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Murray Rankin speaks with volunteers Robin Tosczak, left, and Joanna Groves at his campaign headquarters.

CHAD HIPOLITO/The Globe and Mail

More than two hours after the polls closed, federal NDP Leader Thomas Mulcair quietly waited in a Victoria hotel room while a cliffhanger unfolded in Victoria. As New Democrats gathered under crystal chandeliers for a victory party, what was supposed to be a safe by-election seat looked, for much of the evening, like it might be stolen by the Green Party.

"It's been a long and winding road," a victorious and relieved Murray Rankin told cheering supporters after his short, surprise introduction from Mr. Mulcair, who only emerged once the NDP's lead widened to a comfortable margin.

"We never took this riding for granted," Mr. Mulcair said.

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Mr. Rankin thanked his "good friend Donald Galloway" who tripled the Green's support since the 2011 general election.

"This has been a campaign about issues and ideas," Mr. Rankin told supporters. Despite the close call, he said the results gave a clear message to the Harper government that Victoria voters have rejected the Northern Gateway pipeline: "We will not let this country become the energy Wal-Mart of the world," he said.

Mr. Rankin only made an oblique reference to the controversial issue of sewage treatment. The NDP candidate was the only one on the ballot to support plans for a secondary treatment facility. Voters, he said, have said "yes to a clean environment including our ocean."

The Green Party worked hard to make a breakthrough in Victoria, parachuting in campaign workers in a bid to replicate its 2011 campaign success in neighbouring Saanich-Gulf Islands. "Call it the Green surge," suggested party Leader Elizabeth May, the first elected Green MP in Canada, earlier in the day. Ms. May and her Victoria candidate Mr.  Galloway were banking on the same kind of energy that helped carry her to victory last year.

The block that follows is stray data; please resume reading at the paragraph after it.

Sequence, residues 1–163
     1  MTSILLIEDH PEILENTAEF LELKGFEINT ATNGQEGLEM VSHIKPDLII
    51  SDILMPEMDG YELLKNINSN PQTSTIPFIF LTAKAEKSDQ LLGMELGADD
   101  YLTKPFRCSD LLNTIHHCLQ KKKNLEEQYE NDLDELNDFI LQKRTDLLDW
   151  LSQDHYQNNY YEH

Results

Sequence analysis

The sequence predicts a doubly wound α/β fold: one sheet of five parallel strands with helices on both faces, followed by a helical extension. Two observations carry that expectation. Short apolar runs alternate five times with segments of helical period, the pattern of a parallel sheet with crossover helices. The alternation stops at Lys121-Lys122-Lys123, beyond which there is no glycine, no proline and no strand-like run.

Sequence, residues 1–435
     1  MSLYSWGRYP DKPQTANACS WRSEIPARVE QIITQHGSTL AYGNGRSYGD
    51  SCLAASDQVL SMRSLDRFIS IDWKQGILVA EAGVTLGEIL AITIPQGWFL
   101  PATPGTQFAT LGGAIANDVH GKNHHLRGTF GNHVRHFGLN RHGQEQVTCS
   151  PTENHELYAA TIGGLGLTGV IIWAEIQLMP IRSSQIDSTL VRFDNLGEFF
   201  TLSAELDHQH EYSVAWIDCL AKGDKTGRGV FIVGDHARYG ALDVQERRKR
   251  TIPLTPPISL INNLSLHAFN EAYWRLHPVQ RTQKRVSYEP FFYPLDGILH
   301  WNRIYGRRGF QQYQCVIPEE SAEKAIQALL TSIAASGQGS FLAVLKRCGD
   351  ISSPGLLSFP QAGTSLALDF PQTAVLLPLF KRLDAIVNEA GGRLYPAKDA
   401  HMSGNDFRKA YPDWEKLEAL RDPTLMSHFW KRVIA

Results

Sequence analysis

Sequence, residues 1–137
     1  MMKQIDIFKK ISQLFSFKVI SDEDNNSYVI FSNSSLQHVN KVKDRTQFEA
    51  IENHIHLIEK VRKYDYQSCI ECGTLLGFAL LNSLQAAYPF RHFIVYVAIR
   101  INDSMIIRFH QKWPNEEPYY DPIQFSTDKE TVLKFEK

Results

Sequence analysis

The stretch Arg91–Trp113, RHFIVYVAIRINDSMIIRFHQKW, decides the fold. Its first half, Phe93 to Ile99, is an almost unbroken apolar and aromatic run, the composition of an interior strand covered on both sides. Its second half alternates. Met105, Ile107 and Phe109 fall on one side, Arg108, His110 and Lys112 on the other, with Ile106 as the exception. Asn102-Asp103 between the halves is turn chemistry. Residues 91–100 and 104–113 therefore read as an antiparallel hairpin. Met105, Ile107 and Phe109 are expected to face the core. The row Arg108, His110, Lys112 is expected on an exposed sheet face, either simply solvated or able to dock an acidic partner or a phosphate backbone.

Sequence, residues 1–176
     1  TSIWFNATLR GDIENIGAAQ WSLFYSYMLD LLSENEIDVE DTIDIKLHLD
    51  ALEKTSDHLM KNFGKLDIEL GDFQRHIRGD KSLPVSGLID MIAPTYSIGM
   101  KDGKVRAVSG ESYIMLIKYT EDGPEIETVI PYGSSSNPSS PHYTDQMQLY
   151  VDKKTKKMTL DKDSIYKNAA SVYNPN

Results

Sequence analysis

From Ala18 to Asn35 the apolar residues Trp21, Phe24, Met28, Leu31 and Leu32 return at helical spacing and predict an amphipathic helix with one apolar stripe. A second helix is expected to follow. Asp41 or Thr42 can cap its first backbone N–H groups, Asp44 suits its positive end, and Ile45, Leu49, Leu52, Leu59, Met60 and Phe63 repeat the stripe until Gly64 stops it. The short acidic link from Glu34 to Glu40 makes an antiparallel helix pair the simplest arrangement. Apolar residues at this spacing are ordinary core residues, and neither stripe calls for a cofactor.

In last year's general election, Victoria voters returned New Democrat Denise Savoie to a second term with better than 50 per cent of all ballots cast. By that account, plus the NDP's well-tested campaign machinery, any upset would be dramatic.

Ms. May met with reporters after spending Monday morning waving at drivers in a final push to get the vote out in Victoria. She had asked voters to give the Greens a chance – and give her a little help in Ottawa. "It's the struggle to always be there, to never miss a vote," she said. "Fingers and toes crossed, it would make a remarkable difference not only for the Green Party but for Parliament in general."

The appeal had resonance, with the Greens gaining substantially in a riding where, in 2011, they pulled less than 12 per cent of the vote.

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But Ms. Savoie was a popular incumbent, lifted up by the orange crush of 2011. "You really never know," Mr. Rankin told reporters after casting his own ballot. This race would prove to be a test for the NDP without the popular Jack Layton at the head.

To hang on to the NDP seat, Mr. Rankin campaigned against the Harper government and against the Northern Gateway pipeline proposal, which has met deep opposition on the West Coast. In an environmentally conscious riding, he played up his activism in environmental law. He was, however, the only one of the four main contenders who supported a costly plan to build a secondary sewage treatment plant for the community.

That issue – sewage treatment – was the one that Liberal candidate Paul Summerville flogged relentlessly. He cast it as the "billion-dollar boondoggle." Would a local issue overshadow the federal issues so far from Ottawa?

The answer, as the poll returns trickled in, was no. Mr. Summerville ran well behind the two main contenders.

"It seems Victorians are engaged in this," Mr. Summerville told reporters hours before the polls closed. "When I win today, it will send a huge shock through the pro-sewage forces."

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